Graphene Boosts Artificial Photosynthesis Efficiency, This Is Getting Ridiculous
We already know that graphene is a wonder-material, so it’s no surprise that it has yet another superpower. It is, however, a little bit of a surprise that there are still superpowers left that it isn’t yet known to have. A recent study by a team of scientists from the Korea Research Institute of Chemical Technology, and Ewha Womans University, both in South Korea, have found that graphene has potential in increasing the efficiency of artificial photosynthesis. This is probably thanks in part to its ability to generate electricity when struck by light, and the same qualities that make it great for supercapacitors.
When you’re talking photosynthesis, artificial or not, there is an important part of the process called the photocatalyst. Essentially, this is exactly what it sounds like; it’s a material that facilitates the fuel creation of the photosynthesis process without getting depleted in the actual process. In plants, the photocatalyst is chlorophyll. In labs it’s a little trickier, but graphene may be the answer.
Because 46% of the total sunlight that hits the Earth is in the visible spectrum — as opposed to just 4% in the UV range — an artificial photocatalyst that gets its jollies from normal visible sunlight is optimal. In the past, scientists have tried graphene-semiconductor composites, but it turns out that these aren’t the best option because they’re bad at transferring their electrons, which sort of bottlenecks the whole process. You know what material is significantly better at that part? Just take a guess.
As it turns out, plain old graphene coupled with a little porphyrin enzyme is highly functional in the visible light spectrum and highly efficient overall, making it the best suited candidate for an artificial photocatalyst found so far.
What it all comes down to is that with graphene in your artificial solar cells, you’ll have a reasonably efficient way to take sunlight and carbon-dioxide, and turn it into formic acid — which is used in the plastic industry, and also as a kind of fuel for fuel cells. A paper on the research has yet to be published, but the researchers involved seem pretty excited about the findings so far. “The photocatalyst-enzyme coupled system is one of the most ideal artificial photosynthesis systems that utilize solar energy for the synthesis of various chemicals and fuel,” coauthor Jin-Ook Baeg told Phys.org.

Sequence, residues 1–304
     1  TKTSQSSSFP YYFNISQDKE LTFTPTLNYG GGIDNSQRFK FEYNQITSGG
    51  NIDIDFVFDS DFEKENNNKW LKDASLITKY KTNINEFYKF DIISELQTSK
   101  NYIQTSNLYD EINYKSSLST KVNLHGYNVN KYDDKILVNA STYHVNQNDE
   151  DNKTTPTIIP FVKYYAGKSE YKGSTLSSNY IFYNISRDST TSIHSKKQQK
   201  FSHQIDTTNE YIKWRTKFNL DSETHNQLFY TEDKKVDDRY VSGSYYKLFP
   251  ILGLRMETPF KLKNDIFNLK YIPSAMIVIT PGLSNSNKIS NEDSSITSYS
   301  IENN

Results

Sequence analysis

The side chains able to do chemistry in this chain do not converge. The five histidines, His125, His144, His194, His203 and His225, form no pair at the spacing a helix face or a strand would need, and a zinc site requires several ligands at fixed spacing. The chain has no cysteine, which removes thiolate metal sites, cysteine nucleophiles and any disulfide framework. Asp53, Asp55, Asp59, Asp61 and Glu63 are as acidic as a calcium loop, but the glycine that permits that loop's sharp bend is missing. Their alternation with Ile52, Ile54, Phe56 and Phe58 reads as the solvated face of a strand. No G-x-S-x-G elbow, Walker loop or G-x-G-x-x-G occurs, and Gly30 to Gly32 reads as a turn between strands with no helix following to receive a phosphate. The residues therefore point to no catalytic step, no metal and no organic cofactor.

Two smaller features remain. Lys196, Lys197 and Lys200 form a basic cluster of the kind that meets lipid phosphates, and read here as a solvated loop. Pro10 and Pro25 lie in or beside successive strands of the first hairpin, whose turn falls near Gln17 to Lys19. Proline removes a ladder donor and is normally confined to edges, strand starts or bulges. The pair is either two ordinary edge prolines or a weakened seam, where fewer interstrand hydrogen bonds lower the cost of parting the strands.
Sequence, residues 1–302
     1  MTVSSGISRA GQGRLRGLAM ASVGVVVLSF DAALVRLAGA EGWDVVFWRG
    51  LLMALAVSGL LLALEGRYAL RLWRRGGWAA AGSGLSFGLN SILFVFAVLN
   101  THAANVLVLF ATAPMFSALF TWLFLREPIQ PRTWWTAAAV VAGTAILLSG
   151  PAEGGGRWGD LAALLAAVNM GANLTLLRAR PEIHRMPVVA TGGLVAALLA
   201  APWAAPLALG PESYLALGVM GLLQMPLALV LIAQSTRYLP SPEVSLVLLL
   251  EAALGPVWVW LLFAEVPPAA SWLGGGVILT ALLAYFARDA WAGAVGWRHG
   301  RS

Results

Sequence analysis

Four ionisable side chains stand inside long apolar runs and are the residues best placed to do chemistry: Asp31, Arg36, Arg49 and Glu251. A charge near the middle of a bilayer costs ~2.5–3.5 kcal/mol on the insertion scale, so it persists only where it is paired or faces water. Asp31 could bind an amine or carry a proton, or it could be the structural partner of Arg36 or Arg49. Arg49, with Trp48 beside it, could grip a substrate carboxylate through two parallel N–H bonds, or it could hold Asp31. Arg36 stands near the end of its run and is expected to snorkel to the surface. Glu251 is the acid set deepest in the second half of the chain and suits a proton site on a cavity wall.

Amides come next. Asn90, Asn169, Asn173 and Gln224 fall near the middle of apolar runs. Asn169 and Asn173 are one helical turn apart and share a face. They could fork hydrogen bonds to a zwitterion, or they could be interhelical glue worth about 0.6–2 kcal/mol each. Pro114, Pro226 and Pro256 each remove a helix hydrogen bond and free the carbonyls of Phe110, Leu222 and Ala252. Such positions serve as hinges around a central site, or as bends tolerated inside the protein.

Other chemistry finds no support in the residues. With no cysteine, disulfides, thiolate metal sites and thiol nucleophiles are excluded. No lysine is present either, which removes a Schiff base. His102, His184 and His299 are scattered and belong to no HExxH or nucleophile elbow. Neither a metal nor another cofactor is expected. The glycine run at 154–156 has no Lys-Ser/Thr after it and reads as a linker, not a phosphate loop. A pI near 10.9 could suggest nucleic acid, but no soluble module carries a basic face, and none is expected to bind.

So there you have it, folks. Yet another extremely useful property of graphene that could change the world several years down the line. It’s sort of a running joke that graphene can do anything, but its potential is getting more and more frightening in its breadth. It almost feels like this must all be some sort of joke by the machines that are running the Matrix or something. Here’s to hoping it’s not, and also that graphene is the key to eternal life. At this point, anything seems possible.
- It’s as thin as paper but as strong as steel
- It generates electricity when struck by light
- It’s a key ingredient in crazy-powerful, flexible supercapacitors
- It can increase the efficiency of desalination by a factor of 100
- It can patch its own holes when punctured
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